There are several high school activities aspiring registered nurses can pursue to get a jumpstart on nursing school and passing the registered nurse exam (NCLEX-RN). Even though most high school students choose their academic and extra-curricular activities based on fun, it’s important to take these formative years seriously. Admissions committees for competitive college nursing programs will expect to see an application filled with relevant courses and experiences. After all, the American Association of Critical-Care Nurses (AACN) reports that more than 75,000 nursing applicants are turned away annually. Marketing yourself as a promising young nurse is important even before entering the college classroom. In this article, we’ll discuss the steps you can take to prepare for nursing school while in high school.

Advanced Placement Classes

Taking a college academic track filled with Advanced Placement (AP) classes during your junior and senior years is wise. Future nurses will need a solid foundation in math and science before excelling in college-level nursing courses. Filling up your schedule with AP courses related to algebra, calculus, biology, chemistry, statistics, and physics can go a long way in bolstering your nursing school application. Usually, colleges will provide credit for these classes if you pass the culminating exam with a satisfactory score too. Remember that maintaining the highest possible GPA is key, so balance your AP coursework in a manageable manner.

First Aid and/or CPR Training

Getting a head start on learning basic nursing skills through specialized first aid and/or CPR training is an excellent idea. If your high school doesn’t teach these life-saving tactics in your health curriculum, search for a community-based program that does. In fact, the American Heart Association (AHA) even offers online CPR certification courses for testing your life support knowledge. Getting a part-time job as a lifeguard or emergency medical technician could also help you fine-tune these skills. Participating in the Health Occupations Students of America (HOSA)-Future Health Professionals program could provide valuable preparation in nursing science too.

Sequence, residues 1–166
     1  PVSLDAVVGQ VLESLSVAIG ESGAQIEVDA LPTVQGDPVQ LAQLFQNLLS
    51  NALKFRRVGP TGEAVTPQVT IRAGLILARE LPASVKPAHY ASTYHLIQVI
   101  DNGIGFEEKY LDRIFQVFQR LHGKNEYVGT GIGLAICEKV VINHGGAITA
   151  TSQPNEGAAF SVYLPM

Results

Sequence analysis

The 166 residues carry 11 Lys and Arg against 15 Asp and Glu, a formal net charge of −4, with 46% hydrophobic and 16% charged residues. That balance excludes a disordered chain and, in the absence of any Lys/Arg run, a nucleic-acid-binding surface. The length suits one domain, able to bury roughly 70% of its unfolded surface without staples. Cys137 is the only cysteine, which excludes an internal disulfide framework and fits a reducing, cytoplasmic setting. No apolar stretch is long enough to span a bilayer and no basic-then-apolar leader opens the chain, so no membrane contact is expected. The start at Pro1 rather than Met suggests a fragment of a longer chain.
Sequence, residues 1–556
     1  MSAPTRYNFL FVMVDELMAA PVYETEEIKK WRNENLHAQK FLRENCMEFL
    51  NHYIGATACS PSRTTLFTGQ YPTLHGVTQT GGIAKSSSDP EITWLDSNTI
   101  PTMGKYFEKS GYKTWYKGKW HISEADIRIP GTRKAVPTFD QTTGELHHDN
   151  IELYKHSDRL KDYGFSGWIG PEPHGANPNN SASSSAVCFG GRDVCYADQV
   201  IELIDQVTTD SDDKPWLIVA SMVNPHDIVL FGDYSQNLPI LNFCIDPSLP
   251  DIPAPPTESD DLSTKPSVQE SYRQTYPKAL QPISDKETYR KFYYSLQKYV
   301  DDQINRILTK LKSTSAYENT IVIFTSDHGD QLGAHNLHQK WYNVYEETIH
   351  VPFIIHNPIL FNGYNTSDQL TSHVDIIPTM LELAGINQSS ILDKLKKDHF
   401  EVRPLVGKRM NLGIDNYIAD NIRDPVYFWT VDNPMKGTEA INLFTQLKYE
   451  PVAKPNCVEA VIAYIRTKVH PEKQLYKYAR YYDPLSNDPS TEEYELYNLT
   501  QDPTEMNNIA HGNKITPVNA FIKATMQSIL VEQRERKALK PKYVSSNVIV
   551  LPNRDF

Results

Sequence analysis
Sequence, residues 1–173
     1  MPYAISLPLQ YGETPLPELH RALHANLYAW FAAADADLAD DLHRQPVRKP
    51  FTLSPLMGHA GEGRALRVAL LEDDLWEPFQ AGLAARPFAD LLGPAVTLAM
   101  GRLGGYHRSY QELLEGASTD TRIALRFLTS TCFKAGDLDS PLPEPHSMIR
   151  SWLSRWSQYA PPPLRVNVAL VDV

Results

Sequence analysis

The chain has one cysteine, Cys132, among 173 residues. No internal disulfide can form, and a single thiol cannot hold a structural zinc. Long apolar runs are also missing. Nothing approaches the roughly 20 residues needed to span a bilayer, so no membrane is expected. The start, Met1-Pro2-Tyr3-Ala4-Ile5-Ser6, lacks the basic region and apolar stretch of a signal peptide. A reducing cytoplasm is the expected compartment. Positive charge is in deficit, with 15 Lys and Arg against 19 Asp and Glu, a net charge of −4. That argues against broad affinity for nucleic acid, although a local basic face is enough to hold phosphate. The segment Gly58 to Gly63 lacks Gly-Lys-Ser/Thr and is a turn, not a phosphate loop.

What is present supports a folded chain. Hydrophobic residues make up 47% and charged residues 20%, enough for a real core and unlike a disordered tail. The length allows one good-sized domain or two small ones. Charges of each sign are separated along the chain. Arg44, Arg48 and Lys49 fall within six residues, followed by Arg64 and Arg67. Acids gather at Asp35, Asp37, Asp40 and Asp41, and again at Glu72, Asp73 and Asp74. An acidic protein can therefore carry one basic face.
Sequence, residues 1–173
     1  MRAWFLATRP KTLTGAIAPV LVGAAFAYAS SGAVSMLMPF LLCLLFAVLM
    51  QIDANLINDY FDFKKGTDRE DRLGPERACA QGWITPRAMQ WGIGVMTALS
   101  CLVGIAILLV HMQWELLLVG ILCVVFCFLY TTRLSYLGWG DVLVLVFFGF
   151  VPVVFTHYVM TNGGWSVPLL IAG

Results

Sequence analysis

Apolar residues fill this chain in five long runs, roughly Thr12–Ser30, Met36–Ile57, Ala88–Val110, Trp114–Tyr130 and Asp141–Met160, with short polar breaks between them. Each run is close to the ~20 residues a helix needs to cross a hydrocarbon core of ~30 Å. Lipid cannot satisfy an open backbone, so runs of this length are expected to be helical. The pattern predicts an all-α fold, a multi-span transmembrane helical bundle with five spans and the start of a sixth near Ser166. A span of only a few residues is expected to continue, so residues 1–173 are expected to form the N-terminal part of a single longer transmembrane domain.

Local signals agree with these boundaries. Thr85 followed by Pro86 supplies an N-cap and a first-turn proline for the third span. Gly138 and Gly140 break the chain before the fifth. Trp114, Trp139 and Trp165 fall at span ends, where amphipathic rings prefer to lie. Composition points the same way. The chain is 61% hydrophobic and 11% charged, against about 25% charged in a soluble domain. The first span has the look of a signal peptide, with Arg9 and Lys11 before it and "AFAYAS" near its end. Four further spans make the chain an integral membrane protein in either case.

Volunteer Service Learning

Adding volunteer work to your resume will set you apart from other high schoolers who focused exclusively on academics. Hands-on experience gained through volunteering will provide key insights into whether nursing is indeed the career path for you (please also see, How Do I Know if a Nursing Degree is Right for Me?). During the school year or summer break, take time to volunteer at your local healthcare facilities. Volunteers are often needed at hospitals, nursing homes, residential care centers, and clinics. Not only will you develop valuable skills working with patients, but you’ll also network with on-staff nurses to build solid career connections.

Working as a Nursing Assistant

After turning 18 years old, high school seniors are qualified to pursue credentials as a Certified Nursing Assistant (CNA). Being licensed will exponentially increase your luck in receiving an acceptance letter from your dream nursing program. CNAs work under close supervision to handle various bedside activities, such as monitoring vital signs, bathing patients, changing bedding, and charting conditions. Training classes before the state test are quite minimal, but it could bolster your application greatly.

Preparing for a bright future in nursing must start in high school because competition remains fierce for enrollment in our country’s top-ranked nursing colleges. It’s never too early to begin practicing the communication, problem-solving, clinical, analytical, and leadership skills you’re likely to need as a registered nurse. It’s advised that you develop an organized study plan with your high school counselor and take advantage of these high school activities to get ready for the rigors of nursing. 

For more information on nursing school preparation, please see: What Kind of Scholarships Are Available for Nursing Students?